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stream) detects both that the two streams have been completed and also that the C-stream found that C=0, hence that the computation should terminate. This two- Bus parallel implementation is approximately twice as fast as the one-Bus serial version, but requires extra hardware in the form of an extra Kbus and two K(parallel-merge)'s.

 

Fig. 14. RTM diagram of 8-bit multiplier, concurrent implementation, test at end of loop.

One can attempt to avoid some of the extra cost by making minor adjustments in the control structure. For instance, one of the Kpm's can be eliminated if the loop control is divorced from the synchronization. This can be done by putting the test prior to entering the loop, as shown in Figure 15. Unfortunately, this structure requires one additional control step in the P-MPD control stream, thus slowing up the system slightly.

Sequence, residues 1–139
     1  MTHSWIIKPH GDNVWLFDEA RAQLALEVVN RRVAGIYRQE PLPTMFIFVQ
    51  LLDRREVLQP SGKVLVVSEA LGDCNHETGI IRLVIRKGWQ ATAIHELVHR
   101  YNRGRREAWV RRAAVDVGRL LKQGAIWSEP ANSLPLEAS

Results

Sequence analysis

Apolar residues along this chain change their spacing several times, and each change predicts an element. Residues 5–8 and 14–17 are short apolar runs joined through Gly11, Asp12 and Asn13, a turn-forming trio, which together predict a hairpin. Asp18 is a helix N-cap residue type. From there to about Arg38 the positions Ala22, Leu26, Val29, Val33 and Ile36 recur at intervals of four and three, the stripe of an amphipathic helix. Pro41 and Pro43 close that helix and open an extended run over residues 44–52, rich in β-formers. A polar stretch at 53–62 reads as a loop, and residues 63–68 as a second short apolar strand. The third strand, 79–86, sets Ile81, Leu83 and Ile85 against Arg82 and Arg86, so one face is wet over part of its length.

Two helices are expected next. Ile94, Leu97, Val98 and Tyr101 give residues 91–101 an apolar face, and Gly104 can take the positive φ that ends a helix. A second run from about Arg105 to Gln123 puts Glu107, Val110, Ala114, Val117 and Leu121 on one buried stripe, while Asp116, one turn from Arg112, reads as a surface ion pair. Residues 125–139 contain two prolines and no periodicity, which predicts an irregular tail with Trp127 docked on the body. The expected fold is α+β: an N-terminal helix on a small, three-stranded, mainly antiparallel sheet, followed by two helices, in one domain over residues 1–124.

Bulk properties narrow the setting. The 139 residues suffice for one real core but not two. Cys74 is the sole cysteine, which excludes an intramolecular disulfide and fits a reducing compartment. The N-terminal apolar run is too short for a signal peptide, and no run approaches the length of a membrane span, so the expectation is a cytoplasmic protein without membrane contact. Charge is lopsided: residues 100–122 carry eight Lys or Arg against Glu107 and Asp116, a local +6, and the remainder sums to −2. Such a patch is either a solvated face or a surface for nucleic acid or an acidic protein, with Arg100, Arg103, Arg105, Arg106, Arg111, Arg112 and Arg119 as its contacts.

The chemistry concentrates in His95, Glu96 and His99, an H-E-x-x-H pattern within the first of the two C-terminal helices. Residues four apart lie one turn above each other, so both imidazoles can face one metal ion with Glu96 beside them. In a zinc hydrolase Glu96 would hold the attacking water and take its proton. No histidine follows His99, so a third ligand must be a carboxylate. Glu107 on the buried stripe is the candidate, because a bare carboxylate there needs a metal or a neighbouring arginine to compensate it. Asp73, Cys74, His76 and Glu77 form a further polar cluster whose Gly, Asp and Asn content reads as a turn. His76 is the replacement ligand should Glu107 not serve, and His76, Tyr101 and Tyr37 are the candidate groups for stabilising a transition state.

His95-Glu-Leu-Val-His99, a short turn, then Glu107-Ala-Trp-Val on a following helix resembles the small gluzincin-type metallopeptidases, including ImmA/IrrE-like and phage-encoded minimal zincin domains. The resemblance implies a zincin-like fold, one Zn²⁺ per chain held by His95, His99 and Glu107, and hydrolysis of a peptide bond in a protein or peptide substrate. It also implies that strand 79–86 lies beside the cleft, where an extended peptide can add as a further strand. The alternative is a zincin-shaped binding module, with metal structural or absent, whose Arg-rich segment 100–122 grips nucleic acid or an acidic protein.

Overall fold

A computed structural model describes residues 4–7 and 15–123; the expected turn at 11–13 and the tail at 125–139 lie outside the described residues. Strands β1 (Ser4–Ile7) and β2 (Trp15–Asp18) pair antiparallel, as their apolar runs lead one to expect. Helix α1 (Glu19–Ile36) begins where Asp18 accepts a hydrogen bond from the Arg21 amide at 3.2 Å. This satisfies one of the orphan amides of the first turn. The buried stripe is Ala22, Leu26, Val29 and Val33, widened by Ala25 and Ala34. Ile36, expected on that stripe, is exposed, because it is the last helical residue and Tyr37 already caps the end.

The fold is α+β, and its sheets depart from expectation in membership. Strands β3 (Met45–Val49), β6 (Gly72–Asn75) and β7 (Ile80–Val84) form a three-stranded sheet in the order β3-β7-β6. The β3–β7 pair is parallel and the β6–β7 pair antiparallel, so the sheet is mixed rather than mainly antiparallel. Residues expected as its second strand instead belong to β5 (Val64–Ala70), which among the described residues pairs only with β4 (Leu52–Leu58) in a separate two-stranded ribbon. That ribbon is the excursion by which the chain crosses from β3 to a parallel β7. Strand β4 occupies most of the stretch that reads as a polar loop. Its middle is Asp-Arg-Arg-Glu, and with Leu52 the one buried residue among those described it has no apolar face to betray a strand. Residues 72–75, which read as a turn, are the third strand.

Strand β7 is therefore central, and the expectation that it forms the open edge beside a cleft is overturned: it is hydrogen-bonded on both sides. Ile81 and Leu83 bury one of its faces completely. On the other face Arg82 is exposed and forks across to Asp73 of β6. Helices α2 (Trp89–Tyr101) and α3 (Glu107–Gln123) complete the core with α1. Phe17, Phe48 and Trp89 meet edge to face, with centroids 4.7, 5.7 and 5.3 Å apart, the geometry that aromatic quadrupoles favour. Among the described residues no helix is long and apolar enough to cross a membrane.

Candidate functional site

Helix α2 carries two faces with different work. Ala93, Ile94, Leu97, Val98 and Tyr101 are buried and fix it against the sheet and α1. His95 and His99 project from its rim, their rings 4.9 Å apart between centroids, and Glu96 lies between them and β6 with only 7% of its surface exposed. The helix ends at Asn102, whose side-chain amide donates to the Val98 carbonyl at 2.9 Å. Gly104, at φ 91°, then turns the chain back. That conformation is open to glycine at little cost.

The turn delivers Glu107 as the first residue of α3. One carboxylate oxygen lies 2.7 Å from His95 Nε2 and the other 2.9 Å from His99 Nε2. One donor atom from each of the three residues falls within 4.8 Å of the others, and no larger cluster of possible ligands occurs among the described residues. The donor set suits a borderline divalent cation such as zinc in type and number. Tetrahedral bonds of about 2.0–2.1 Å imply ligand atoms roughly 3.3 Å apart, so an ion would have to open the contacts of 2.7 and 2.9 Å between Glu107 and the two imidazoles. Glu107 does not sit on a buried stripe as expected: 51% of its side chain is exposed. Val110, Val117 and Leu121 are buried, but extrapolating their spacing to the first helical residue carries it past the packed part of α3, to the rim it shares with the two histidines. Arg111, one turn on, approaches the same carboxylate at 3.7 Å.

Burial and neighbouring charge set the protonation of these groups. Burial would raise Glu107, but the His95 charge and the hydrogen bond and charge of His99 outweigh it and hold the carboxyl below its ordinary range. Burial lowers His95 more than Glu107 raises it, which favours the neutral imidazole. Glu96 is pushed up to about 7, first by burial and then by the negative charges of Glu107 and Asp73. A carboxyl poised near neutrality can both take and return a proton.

The type of parallelism exhibited here is really the general case -- functionally diverse computations that do not depend on each other for data (or do not affect data used by each other, such as updating in midstream) are done by independent machinery. Synchronization, when it is finally required, is forced by means of parallel-merges. This is often called concurrency, although the term parallelism itself is often used as well; terminology is not yet standardized. Our example again illustrates a rather general rule: that there is always a tradeoff between speed and hardware. The increase in speed (in the two-Bus system) costs hardware; the attempt to avoid some of that cost has to give back some of the speed gain.

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